considered debasing for the fine art of Thai boxing.
Muay Thai remains a national art form. If all parties concerned help to
uplift and conserve this form of martial arts, and pass it onto following generations,
it will remain a valuable possession of the Thai nation.


Muay Thai Traditions and Rituals
Thai Musical Instruments for Boxing
Muay Thai is still developing, but what remains unchanged is the use of the pipe
and the drums as musical accompaniments for the matches, and is considered a
unique characteristic of Muay Thai.
For dancing one may use a record player, but for thai boxing it is imperative to
have live music. For the prefight rituals and during the fight itself the tempo of
music is increased to encourage the fighters to put forth their best efforts. There are
three Thai musical instruments for boxing.

Traditional Thai instruments used during and before the fights are the Pi, the Ching
and the Glawng Khaek.
The Pi

The Pi Chawa or Java Pipe, it is believed, owes its origin to India where the
Javanese secured their model. It appears that the instrument was used in both

Royal and Army processions and in accompanying the traditional Thai fencing
bouts. The stirring sound which it makes is somewhat like the Chanta on Scotch
The Pi Chawa is made in two sections; a cylindrical body 10 3/4 " in length and a
bell or horn in 5 1/2 "long.It is made of hardwood or ivory or both. Along the body
are seven finger holes. Four pieces of reed in double pairs are tied to a small metal
tube. The end of the tube is inserted into the body of the instrument and wrapped
with thread to make the connection sung. At rhis end of the tube there is also a
small round convex piece of metal or coconut shell to support the performer’s lips.
The Ching

The Ching which is a percussion instrument of the cymbal type comes in pairs and
is made of a thick metal shaped like a tea-cup or hollow cone. The Ching is played
by hitting the two pieces together. Each one measures about 6-7 cm, 2 1/2"-2 3/4 :
in diameter.
At the apex of each there is a small hole through which a cord is passed. A knot at
each end of the cord fits inside the apex of the cymbal and prevents the cord from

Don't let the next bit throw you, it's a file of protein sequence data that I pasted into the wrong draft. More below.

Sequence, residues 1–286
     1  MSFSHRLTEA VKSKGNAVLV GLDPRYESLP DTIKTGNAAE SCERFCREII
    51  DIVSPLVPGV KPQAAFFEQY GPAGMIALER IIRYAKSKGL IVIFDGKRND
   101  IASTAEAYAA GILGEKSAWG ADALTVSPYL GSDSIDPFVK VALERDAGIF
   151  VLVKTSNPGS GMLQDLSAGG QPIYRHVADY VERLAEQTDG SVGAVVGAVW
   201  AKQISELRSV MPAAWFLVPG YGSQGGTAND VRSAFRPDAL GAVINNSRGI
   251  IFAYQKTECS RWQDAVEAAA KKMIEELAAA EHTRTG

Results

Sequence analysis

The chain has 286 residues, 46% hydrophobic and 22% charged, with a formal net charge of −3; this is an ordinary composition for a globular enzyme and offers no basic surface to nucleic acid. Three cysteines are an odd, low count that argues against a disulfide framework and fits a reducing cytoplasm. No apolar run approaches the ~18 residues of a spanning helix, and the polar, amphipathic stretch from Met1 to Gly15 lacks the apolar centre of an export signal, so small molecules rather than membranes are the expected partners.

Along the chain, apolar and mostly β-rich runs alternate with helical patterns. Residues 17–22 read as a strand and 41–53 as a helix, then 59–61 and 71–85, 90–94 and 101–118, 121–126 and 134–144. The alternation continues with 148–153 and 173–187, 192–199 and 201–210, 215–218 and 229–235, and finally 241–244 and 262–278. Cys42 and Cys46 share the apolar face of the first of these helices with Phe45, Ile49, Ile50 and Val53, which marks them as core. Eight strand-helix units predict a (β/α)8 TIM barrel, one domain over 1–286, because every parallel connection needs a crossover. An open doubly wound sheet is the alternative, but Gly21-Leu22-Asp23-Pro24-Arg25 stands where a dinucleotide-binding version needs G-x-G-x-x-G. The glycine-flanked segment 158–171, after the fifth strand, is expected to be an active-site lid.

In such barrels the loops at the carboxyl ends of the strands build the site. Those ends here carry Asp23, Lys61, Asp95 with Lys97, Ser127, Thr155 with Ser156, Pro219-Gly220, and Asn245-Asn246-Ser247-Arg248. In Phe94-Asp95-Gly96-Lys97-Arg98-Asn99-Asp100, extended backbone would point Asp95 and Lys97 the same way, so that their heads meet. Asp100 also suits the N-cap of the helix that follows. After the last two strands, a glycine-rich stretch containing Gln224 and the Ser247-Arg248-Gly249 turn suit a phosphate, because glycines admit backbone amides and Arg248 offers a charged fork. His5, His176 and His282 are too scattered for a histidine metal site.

slipping through. The cord fastens the two cymbals together and holds them in
playing positions. The function of the Ching is to keep time and to beat out the
The name Ching is onomatopoetic, coming from the sound made when the two
edges of the cymbal are struck together and the sound is allowed to persist. It is a
melodious and chiming sound. When the two cymbals are struck together and then
held together, it is produces a dull clapping sound.


The Glawng Khaek

The Glawng Khaek has a long cylindrical body which is made of hardwood and is
58 cm. (23") in length. The heads are of unequal size, the larger being 20 cm. (8")
in diameter called Na rui (literally "loose") and the smaller 18 cm. (7") in diameter
called Na tan ("outer head"). The two heads are made of calfskin or goatskin.
Originally the two heads were tied down with cane or rattan which was split in half
and tied apart, but now owing to the difficulty obtaining good rattan and cane,
leather tongs are usually used. The drums are used in pairs and are of different
pitches. The higher toned drum is referred to as tua pu (male) and the lower toned
drum as tua mia (female).
They are played with the palms and the fingers of the hands and both drumheads
are used. There is one player for each drum. A complex rhythmic line is created by
the inter-mingling and alternating of the sounds of the two drums.


Beginner Initiation Ritual
Thai boxers are prone to believe in magic spells, and the occult in the believe that
such ploys could stop the opponent who would be too puzzled to fight. Fighters are
known to have gone as far as to recite spells in graveyards particularly those
reputed to be haunted, so as to facilitate meditation, strength, courage and increase
readiness to face a man.
In general, students of Thai boxing are usually initiated into a camp via an
initiation ceremony. The chosen day is usually Thursday, (Thursday is considered
the day of the god of arts and skills). The student would bring flowers, incense
sticks, candles, towels and a water container to the teachers house. He would also
bring with him 6 twenty-five Satang coins and 6 pieces of white cotton cloth.